In our journey to “go green” and be more environmentally friendly, we sometimes overlook the big picture in exchange for quick fixes. As you may have heard, the Environmental Protection Agency (EPA) and the National Highway Traffic Safety Administration (NHTSA) have mandated corporate average fuel economy reach 54.5 miles per gallon (MPG) by 2025. (This isn’t the actual mileage number you’ll see on the window sticker at the dealership, but rather the average number automakers must meet for their entire product line-up). These regulations are designed to lighten the impact of tailpipe emissions on the environment. While it’s true reducing emissions helps the environment, reaching this number doesn’t necessarily reduce your carbon footprint.
By only focusing on lower fuel consumption, we overlook the carbon footprint of a vehicle over its entire life, from manufacturing to when you, the consumer, drive the vehicle and how the vehicle is disposed of after it’s no longer driveable. For example, did you know there is an increase in greenhouse gases (GHGs) produced by vehicles made from alternative materials? By using alternative materials to cut weight to improve fuel economy, manufacturers end up raising emissions in other places, defeating the purpose of using alternative materials altogether.
What does this mean for you, the consumer? How can you do your part to help the environment?
When buying a new vehicle, you want to cover all of your bases, by choosing something that has low emissions over its entire lifecycle AND high fuel economy. You can easily see the MPGs on any given vehicle, but it’s a little harder for you to determine the lifecycle emissions of a vehicle. This is where steel can help. Choosing a vehicle made primarily with advanced high-strength steel (AHSS) is less harmful to the environment for a number of reasons:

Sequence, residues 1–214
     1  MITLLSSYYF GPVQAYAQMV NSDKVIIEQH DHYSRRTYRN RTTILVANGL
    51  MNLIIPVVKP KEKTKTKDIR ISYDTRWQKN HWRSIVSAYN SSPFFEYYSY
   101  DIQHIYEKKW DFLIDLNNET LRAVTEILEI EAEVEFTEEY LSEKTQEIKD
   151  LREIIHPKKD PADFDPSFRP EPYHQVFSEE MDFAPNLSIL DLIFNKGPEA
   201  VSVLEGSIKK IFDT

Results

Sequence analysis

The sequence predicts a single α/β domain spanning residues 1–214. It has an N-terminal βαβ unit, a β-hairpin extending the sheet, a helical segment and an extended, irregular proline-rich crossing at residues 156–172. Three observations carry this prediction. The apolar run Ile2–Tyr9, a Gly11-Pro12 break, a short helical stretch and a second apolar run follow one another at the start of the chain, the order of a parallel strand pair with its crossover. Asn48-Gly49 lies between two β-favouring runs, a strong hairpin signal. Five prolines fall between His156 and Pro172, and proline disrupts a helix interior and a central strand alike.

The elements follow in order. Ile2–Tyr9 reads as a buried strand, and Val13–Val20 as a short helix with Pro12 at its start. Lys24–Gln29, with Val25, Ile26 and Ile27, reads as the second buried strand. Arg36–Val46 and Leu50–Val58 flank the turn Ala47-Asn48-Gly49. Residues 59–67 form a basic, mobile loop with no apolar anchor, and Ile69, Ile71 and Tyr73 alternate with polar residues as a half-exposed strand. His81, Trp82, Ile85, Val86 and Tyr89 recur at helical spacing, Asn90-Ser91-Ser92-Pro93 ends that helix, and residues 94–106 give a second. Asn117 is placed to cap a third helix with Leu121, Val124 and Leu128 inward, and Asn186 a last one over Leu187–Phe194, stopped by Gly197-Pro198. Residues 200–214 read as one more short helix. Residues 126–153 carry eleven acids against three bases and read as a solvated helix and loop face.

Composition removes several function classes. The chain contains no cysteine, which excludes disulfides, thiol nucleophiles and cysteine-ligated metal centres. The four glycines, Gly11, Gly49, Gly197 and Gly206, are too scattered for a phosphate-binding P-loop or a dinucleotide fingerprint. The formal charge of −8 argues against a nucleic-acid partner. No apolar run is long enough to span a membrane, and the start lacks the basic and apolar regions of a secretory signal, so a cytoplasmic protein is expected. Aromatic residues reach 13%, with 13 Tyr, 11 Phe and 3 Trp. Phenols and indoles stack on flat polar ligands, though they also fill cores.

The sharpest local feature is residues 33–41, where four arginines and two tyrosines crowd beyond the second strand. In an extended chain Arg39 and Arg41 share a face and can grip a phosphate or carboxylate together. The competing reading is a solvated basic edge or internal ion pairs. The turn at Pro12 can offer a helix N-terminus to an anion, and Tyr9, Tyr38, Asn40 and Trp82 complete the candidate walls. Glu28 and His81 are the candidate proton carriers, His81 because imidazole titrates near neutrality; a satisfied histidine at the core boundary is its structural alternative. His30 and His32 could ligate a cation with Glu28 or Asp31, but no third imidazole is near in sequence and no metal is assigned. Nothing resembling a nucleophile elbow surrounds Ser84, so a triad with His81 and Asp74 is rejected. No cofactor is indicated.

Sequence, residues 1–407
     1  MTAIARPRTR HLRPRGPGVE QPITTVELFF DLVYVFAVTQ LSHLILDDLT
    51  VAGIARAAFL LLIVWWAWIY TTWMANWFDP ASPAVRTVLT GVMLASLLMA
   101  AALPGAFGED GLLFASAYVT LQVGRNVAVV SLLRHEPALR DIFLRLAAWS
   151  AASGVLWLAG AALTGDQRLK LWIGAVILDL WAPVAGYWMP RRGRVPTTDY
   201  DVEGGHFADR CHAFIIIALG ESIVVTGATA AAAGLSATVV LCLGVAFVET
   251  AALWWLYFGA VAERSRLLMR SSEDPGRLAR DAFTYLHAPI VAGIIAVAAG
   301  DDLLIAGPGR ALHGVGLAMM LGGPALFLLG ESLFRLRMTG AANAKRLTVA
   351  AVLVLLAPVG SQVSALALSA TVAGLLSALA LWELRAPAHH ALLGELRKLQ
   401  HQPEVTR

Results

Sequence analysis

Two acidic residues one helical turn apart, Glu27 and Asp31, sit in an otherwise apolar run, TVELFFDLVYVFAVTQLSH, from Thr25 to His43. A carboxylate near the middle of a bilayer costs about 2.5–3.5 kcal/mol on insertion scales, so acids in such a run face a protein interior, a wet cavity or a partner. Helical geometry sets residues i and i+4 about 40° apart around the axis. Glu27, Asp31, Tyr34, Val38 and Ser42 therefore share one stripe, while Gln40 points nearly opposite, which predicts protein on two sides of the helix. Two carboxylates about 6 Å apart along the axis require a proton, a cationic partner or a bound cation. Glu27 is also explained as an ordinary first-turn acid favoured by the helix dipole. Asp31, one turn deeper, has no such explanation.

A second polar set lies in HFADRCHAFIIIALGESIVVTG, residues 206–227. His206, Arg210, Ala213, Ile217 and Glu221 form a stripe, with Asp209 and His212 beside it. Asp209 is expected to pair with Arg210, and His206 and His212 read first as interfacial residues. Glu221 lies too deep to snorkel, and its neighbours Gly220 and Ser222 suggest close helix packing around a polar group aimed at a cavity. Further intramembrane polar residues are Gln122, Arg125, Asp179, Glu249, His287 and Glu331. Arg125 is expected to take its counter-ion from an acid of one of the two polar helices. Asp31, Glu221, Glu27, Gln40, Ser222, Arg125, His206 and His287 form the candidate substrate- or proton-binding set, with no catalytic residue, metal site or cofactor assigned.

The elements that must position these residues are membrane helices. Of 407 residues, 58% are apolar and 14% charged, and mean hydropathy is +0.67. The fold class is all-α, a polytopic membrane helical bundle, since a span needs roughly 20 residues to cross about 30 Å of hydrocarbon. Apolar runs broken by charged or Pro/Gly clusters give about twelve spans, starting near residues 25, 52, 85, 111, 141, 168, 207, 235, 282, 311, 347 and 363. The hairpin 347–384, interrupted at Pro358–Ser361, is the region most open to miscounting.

- According to the University of California Santa Barbara life cycle assessment model, because of the large differences in material production emissions, building AHSS-intensive vehicles generates at least 40 percent fewer emissions than manufacturing vehicles with alternative materials, such as aluminum, magnesium and carbon fiber reinforced composites.
- According to WorldAutoSteel, building AHSS-intensive vehicles generates at least 40 percent fewer emissions than manufacturing vehicles with alternative materials, such as aluminum, magnesium and carbon fiber reinforced composites.
- Steel is 100 percent recyclable and the most recycled material globally, saving vital resources for future generations. Nearly all automotive steel is collected and recycled.
- Steel’s physical properties allow products to be recycled into any steel product without loss of quality. Competing materials must be recycled to the same grade or a lower-quality product (down-cycling).
- There are more than 80 million tons of recycled steel available per year for the manufacturing of new steel products.
The next time you are at the dealership, ask your sales person what your vehicle is made of and help the environment by choosing steel.